Despite improved economic circumstances compared to last November, a substantial number of Californians continue to worry about their financial situation. About one in four worry every day or almost every day about saving for retirement (27%) and the cost of housing (25%); two in ten worry about the amount of debt they have (20%) and about health care costs for them and their family (19%). Similar shares reported these worries 12 months ago. Financial worries are more common in lower-income households, and about one in four or more Californians earning less than $20,000 worry about these financial issues every day or almost every day. The shares who worry frequently about these financial stressors vary across racial/ethnic groups. The share of adults who are worried about each of these issues decreases slightly as education levels rise. Renters are much more likely than homeowners to worry about the cost of housing, debt, and saving for retirement.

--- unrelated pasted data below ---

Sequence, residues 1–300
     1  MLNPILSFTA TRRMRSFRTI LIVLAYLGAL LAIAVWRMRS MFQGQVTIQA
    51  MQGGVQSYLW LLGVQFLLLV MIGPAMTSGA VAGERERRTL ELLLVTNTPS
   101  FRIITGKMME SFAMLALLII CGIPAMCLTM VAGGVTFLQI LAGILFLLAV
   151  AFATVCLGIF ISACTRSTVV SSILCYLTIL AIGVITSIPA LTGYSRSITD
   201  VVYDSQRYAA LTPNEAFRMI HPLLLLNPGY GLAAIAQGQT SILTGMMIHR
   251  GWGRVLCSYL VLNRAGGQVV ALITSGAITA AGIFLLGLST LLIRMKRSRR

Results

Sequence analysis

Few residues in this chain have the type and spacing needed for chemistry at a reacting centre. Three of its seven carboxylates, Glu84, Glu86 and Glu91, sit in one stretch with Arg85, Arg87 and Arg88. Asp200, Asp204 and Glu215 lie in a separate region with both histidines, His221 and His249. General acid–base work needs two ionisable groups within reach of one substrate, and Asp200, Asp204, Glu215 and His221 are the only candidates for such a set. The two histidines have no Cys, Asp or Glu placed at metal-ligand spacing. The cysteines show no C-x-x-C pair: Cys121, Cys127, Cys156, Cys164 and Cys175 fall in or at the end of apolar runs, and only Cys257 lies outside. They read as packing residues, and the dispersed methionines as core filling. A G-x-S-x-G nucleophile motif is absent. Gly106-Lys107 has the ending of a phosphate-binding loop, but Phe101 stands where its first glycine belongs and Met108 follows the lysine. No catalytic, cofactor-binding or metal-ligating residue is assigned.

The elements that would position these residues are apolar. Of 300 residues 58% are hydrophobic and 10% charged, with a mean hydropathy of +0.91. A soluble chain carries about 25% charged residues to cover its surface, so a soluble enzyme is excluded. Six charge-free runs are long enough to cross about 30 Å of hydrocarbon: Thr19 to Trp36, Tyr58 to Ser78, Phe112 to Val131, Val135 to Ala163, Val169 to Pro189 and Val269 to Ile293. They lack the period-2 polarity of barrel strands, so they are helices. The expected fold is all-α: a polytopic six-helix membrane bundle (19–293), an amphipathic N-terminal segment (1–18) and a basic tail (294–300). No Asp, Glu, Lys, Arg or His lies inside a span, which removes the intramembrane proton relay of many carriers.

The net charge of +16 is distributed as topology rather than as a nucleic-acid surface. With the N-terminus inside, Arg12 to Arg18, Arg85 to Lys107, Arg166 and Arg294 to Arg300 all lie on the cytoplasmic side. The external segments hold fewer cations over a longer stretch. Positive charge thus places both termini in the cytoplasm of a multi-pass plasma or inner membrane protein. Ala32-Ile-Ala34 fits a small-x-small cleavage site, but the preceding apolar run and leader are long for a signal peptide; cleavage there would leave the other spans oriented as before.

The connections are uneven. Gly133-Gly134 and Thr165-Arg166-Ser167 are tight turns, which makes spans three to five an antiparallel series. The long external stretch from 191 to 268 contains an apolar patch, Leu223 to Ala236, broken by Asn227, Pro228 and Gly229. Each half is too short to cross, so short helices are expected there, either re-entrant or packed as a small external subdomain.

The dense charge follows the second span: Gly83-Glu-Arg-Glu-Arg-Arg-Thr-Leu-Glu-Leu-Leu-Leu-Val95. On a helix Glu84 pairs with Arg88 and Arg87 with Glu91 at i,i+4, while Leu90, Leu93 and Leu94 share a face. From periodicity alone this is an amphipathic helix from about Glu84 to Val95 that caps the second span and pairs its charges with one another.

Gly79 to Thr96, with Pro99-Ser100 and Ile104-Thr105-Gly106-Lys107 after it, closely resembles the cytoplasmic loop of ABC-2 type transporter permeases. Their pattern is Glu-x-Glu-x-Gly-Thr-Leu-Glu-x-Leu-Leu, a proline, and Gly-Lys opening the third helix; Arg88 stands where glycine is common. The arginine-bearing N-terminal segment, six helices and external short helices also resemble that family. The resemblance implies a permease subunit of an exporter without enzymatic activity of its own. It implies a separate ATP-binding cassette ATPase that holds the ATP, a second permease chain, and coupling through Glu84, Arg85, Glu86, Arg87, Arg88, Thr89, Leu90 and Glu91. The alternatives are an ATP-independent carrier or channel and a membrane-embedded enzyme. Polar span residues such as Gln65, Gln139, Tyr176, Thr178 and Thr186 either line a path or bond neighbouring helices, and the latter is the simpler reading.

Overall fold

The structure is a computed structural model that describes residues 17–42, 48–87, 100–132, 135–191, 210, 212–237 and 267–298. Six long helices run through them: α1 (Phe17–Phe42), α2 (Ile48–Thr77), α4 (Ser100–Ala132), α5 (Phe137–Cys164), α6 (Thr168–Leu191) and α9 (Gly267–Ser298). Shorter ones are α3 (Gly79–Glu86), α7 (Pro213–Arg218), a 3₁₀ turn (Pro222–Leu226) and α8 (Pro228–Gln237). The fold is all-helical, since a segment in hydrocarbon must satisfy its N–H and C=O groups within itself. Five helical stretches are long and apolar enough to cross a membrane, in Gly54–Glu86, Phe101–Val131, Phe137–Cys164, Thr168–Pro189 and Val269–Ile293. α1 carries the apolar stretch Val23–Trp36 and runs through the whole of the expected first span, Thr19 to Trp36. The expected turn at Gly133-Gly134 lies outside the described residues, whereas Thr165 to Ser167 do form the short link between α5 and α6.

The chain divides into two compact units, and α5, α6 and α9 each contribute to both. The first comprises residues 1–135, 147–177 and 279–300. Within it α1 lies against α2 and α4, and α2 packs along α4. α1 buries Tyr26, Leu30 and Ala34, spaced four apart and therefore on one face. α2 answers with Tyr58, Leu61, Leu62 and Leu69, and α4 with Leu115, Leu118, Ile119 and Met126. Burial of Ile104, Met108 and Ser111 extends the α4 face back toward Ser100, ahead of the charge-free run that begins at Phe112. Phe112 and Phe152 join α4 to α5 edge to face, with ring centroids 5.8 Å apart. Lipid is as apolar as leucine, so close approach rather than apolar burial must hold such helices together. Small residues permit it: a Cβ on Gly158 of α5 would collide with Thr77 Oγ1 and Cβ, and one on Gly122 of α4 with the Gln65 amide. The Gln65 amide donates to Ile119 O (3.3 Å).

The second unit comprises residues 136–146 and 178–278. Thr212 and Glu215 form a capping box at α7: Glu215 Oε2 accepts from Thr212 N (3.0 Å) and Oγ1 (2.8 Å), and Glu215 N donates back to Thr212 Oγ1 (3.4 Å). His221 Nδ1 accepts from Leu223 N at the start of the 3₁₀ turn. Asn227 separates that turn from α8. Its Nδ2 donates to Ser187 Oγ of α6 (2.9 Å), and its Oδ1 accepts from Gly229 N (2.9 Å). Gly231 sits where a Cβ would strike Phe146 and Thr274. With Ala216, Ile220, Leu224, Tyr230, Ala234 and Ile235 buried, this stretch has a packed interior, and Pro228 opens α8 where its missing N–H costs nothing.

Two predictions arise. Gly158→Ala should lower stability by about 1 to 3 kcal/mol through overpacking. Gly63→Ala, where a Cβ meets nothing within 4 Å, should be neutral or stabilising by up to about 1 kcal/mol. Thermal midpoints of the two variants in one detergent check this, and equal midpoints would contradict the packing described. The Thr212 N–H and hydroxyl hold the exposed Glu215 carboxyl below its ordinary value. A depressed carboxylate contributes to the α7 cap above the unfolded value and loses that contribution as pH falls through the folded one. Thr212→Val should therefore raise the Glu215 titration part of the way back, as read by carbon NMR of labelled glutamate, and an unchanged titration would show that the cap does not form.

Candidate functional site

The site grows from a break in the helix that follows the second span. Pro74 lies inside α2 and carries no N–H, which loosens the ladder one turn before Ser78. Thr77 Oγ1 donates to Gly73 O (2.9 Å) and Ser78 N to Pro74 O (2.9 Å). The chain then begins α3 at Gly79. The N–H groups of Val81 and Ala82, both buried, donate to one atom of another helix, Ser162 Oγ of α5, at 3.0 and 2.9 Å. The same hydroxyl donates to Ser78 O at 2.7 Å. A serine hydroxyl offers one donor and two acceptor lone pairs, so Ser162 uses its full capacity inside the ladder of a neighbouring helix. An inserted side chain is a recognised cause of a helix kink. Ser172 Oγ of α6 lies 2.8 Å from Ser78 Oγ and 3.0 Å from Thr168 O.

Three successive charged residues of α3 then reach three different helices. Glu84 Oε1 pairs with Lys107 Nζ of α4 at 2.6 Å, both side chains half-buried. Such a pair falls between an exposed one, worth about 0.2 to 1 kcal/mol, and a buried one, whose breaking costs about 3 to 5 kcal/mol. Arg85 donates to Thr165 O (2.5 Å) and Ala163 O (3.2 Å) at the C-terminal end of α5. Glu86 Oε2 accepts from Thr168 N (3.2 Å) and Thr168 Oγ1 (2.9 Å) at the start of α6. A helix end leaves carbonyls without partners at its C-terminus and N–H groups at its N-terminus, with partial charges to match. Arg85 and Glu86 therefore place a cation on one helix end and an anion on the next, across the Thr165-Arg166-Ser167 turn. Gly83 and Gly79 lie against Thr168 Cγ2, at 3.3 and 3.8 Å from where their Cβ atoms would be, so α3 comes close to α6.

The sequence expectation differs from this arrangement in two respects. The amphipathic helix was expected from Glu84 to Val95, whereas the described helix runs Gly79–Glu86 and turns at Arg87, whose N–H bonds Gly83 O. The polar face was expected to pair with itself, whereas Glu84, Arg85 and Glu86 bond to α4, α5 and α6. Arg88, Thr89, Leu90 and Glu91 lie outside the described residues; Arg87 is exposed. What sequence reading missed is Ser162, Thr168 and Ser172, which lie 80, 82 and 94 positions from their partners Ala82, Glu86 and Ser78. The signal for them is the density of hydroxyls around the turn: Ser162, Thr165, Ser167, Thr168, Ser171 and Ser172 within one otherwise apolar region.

About two in ten Californians (19%) worry every day or almost every day about paying their bills, and 14% worry about job loss. Similar shares had these financial worries last November. Regionally, concern about paying bills is highest in the Inland Empire and lowest in the San Francisco Bay Area, while worries about job loss are highest in Los Angeles and lowest in Orange/San Diego. Across racial/ethnic groups, Latinos are the most likely to be worried about job loss, while African Americans and Latinos are the most likely to worry about paying bills; whites are the least likely to be worried about either of these issues. Californians earning less than $20,000 are the most likely to worry: 44% worry every day or almost every day about paying bills and 27% worry about job loss. Concern about job loss and paying bills declines as education levels rise.
When asked about job satisfaction, 37 percent of employed adults are very satisfied and 53 percent are somewhat satisfied, while 10 percent say they are not satisfied with their current job. Satisfaction has increased since last November, when 82 percent of employed adults expressed satisfaction compared to 90 percent today. Asian Americans are less likely than other racial/ethnic groups to say they are very satisfied with their current job. Across income groups, the share saying they are very satisfied is highest among those making $80,000 or more.